By Nathalie Jean-Baptiste and Glory Thadeus
12 July 2016

ACTUS methodology troubleshooting meeting was held at Ardhi University to review the data collection procedures related to two associate research projects in Dar es Salaam’s peri-urban areas. The first study conducted by Venkat Aekbote, PhD candidate
from the technical University of Darmstadt, explores the opportunities and challenges for relocated flood victims in Dar es Salaam.
The second study undertaken by Joseph Osensa, Master student at the Institute for Housing and development Studies in Rotterdam,
investigates socio-economic, behavioral and geographical factors influencing household solid waste generation and disposal. Assistant
Professor Dr. Emilie Pinard from Laurentian University attended the meeting as a special guest.

Venkat presented the ‘new normal’ of relocated flood victims settled in Mabwepande in the northern part of Dar es Salaam. The 5 year old settlement hosts  approx. 4.400 inhabitants living in 1.006 houses in different levels of consolidation and with limited urban services. According to Venkat, the idea of recovery as a linear process is far from reality. Recovery is complex and often takes place in a context of irreversibly altered state caused by external factors. The relocation to Mabwepande exhibits multiple procedures and often opposite measures that have affected the lives of thousands of displaced people. Venkat notes that there is a considerable amount of literature on practical aspects of recovery ( e.g. housing reconstruction), however there is relatively little on opportunities and challenges as well as on the alteration of relationships and trajectories of change due to post-disaster resettlement. Venkat used mixed methods such as surveys, semi-structured interviews and group discussions.He also spent a considerable amount of time in Mabwepande doing participant observation, photography and video work. The trouble in Venkat’s work is how to handle and present  the data on 3 distinct settlements. To what extent the story of flood victims’ new normal  can/should be told as a whole or comparatively between settlements? What methodological concerns rise from comparison and how should they be addressed?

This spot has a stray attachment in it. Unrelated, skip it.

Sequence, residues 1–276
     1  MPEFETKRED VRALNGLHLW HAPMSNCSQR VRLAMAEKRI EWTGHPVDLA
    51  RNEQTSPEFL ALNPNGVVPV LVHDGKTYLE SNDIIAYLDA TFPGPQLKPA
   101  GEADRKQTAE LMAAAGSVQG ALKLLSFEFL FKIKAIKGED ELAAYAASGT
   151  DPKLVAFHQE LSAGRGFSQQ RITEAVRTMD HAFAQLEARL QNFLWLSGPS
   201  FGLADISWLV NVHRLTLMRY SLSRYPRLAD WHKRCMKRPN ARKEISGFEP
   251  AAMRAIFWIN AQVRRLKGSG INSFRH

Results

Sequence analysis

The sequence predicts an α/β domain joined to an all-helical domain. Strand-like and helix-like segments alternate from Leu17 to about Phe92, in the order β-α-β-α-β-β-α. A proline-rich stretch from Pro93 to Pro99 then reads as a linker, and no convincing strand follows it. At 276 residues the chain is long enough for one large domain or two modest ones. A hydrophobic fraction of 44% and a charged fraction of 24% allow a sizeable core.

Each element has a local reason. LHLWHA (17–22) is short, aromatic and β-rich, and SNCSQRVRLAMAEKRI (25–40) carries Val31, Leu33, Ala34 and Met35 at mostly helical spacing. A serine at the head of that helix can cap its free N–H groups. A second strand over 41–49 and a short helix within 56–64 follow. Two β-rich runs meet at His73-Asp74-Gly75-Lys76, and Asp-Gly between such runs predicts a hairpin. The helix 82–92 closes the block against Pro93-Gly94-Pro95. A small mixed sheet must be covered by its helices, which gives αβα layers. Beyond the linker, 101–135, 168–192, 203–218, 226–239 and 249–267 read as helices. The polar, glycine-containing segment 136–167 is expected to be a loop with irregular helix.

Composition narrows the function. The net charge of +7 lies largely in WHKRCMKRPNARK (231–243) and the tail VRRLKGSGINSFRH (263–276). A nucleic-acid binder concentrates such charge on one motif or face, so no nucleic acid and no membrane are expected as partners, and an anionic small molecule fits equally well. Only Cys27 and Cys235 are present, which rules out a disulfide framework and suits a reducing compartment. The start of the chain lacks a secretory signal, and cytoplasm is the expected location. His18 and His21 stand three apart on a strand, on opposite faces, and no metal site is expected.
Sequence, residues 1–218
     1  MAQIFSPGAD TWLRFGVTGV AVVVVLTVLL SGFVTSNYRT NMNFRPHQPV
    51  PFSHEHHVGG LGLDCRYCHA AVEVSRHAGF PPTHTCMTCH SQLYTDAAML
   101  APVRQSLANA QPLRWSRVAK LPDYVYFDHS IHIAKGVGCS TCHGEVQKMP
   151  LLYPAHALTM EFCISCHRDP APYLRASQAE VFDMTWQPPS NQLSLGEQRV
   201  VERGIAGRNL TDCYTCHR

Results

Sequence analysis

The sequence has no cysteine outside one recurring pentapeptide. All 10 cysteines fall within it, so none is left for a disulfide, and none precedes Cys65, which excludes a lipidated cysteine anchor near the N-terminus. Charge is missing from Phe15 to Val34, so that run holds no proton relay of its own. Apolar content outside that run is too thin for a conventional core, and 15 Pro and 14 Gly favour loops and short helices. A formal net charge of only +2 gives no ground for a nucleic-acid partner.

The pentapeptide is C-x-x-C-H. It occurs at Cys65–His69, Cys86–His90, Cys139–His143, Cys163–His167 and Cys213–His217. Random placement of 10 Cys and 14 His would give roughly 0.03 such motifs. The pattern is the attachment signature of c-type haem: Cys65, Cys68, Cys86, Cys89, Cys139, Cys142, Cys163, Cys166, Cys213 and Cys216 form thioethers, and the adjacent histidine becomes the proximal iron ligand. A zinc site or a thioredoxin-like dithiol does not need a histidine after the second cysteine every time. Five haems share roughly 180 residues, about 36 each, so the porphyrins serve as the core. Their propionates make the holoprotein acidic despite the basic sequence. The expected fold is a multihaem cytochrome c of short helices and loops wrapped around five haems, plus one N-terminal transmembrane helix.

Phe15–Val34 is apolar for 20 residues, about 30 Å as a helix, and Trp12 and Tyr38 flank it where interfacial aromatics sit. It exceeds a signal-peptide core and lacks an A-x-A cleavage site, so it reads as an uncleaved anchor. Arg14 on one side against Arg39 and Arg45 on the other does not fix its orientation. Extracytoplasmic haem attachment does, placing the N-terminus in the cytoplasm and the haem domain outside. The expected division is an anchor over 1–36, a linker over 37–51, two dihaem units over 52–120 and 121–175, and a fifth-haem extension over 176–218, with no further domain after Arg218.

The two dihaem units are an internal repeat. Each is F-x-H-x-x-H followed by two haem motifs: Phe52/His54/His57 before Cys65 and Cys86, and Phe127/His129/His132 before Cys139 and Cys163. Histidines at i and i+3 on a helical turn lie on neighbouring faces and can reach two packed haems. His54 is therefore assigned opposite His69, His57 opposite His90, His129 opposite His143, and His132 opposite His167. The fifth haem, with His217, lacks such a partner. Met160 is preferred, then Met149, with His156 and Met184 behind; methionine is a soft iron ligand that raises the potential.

Joseph followed with a presentation on different factors influencing household’s solid waste generation and disposal in two contrasting peri-urban areas in Bunju and Kibada. His study explores waste attitude and behavior as well as the demography and economy of households disposing of solid waste in places with limited urban services. Joseph points out, that inadequate solid waste generation and disposal depend on different variables such as   household’s economic status and size, household members age, lifestyle and level of education, time spent at home as well as local and traditional cooking habits and reuse patterns. The trouble with Joseph’s work revolved around the data collection. challenges such as access to respondents, dealing with remoteness, trust  and accountability as well as accuracy of responses were some of the issues discussed.

More details on the Master thesis of Joseph Osensa can be found .